Wellington Central is known as one of the most highly educated electorates in the country. Photo / Mark Mitchell
After 15 years, Finance Minister Grant Robertson is giving up the glamour seat that is Wellington Central, leaving the race wide open after other high-profile exits.
National deputy leader Nicola Willis obviously thinks she
has a better shot at winning Ōhāriu, Greens co-leader James Shaw has moved aside for the next generation with “some regret, but no doubt”, and rising star Act deputy leader Brooke van Velden is eyeing Tamaki.
Wellington Central is known as one of the most highly educated electorates in the country. It also has the highest proportion of those aged between 20 and 24 years old as well as those who walk or jog to work.
It’s a safe Labour seat but the Greens are pouring resources into flipping it- fuelled by their success in Auckland Central in 2020. Meanwhile, National’s candidate is adamant it’s a three-horse race.
Between them, the candidates are a bunch of rookies compared to those who have previously stood for the seat but this time the race is wide open.
Asked whether she is channelling Chlöe Swarbrick’s Auckland Central campaign, Wellington Central Green candidate Tamatha Paul is reluctant to say.
Paul points to the fact that she has already run two successful grassroots campaigns herself getting on to the Wellington City Council representing the Lambton Ward.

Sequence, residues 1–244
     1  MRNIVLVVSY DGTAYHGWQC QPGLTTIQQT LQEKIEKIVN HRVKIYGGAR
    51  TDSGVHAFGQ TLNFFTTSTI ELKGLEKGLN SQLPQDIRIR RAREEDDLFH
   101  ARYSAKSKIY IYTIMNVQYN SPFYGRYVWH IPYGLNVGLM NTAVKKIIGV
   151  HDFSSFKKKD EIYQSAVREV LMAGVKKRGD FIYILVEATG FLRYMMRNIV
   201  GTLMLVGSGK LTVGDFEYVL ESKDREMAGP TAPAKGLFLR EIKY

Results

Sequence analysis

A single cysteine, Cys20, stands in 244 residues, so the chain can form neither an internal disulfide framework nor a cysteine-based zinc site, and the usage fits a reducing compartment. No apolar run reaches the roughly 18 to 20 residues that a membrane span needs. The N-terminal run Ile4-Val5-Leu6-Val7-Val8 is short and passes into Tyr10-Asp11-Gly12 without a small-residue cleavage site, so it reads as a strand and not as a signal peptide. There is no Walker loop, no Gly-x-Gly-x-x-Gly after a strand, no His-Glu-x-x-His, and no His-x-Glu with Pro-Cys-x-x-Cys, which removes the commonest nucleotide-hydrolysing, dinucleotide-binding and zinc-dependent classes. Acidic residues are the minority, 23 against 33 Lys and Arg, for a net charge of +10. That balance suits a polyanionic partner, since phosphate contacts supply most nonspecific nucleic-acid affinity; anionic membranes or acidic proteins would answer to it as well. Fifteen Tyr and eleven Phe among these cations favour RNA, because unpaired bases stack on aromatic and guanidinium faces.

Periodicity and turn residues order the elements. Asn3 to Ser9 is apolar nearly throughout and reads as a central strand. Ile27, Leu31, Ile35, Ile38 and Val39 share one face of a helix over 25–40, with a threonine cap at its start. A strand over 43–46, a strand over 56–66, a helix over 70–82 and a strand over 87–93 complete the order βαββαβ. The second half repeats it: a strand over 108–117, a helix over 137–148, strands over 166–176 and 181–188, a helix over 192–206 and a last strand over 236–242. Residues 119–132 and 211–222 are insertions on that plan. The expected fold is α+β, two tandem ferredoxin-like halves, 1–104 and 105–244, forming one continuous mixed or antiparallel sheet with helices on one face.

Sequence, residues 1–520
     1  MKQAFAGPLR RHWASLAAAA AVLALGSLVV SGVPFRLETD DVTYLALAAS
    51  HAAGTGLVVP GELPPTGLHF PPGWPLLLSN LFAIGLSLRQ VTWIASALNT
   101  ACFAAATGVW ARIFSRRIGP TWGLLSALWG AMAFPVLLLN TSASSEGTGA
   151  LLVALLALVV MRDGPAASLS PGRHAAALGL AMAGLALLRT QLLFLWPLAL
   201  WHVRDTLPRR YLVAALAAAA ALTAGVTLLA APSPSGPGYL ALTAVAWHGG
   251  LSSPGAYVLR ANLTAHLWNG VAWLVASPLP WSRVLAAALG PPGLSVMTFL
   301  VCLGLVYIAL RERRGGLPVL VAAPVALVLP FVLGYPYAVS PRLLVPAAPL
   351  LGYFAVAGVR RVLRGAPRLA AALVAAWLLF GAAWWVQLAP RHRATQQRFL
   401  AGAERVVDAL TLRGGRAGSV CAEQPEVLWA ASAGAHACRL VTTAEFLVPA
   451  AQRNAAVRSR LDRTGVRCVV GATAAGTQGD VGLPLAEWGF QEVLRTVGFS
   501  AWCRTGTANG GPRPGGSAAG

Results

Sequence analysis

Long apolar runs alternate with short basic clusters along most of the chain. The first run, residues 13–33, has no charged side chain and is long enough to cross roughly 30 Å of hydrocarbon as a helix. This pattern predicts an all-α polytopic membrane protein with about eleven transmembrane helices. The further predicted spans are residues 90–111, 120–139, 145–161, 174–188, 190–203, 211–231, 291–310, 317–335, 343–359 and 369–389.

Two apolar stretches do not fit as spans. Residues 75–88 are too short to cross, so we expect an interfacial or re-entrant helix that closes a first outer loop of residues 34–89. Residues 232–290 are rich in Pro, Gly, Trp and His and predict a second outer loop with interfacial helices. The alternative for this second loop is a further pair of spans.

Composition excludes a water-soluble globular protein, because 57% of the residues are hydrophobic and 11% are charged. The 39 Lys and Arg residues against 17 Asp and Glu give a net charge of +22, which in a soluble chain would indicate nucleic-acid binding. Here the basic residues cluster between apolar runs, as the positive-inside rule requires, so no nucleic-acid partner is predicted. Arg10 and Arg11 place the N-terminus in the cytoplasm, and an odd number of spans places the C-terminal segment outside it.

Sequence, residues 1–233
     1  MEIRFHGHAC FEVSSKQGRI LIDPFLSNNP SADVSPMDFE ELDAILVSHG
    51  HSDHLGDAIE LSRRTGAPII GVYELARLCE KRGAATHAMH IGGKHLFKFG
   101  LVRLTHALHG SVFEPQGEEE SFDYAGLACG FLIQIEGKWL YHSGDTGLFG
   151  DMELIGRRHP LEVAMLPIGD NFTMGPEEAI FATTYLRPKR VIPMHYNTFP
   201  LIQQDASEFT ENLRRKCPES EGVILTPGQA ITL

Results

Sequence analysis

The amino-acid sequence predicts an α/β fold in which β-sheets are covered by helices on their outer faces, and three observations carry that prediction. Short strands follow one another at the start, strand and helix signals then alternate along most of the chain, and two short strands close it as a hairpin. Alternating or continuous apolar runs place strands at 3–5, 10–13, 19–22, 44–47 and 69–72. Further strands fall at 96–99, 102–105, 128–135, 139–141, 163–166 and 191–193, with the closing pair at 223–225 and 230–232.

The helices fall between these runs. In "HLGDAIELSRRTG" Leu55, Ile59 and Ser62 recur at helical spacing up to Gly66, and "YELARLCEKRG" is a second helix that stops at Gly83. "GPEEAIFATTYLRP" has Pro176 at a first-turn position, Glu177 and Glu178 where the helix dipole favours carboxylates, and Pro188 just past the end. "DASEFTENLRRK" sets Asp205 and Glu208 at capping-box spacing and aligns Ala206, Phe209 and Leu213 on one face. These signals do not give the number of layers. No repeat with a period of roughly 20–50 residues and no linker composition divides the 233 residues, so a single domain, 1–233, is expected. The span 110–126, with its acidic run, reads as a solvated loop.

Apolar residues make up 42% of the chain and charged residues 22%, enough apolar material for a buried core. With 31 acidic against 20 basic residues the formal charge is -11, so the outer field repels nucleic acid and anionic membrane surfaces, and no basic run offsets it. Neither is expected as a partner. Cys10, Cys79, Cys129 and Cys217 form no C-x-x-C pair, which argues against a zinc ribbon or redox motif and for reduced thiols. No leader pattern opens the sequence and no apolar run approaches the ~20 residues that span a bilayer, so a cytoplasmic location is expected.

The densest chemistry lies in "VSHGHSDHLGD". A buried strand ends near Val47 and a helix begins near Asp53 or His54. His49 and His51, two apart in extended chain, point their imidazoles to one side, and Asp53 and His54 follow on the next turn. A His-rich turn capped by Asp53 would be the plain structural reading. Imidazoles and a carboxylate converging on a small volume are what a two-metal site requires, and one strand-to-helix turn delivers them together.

She and her volunteers have already done 20,000 phone calls and doorknock attempts in her bid to enter Parliament.
But yes, she thinks there are similarities between Auckland Central and Wellington Central and sees Swarbrick’s win as a good sign.
Paul is a young wāhine Māori who has spent some of her most formative years as a young adult navigating the council. She was first elected when Andy Foster snatched the mayoral chains from Justin Lester in a shock result and, well, the rest is history in terms of just how challenging that council was.
She says the stars have aligned for her in Wellington Central because she is entering a wide-open race having been at the forefront of major decisions for the city as a councillor.
“This is my stomping ground if you compare me to other candidates.”
Paul has supported light rail as part of the beleaguered Let’s Get Wellington Moving Transport (LGWM) plan and fought for more housing in the city’s district plan overhaul.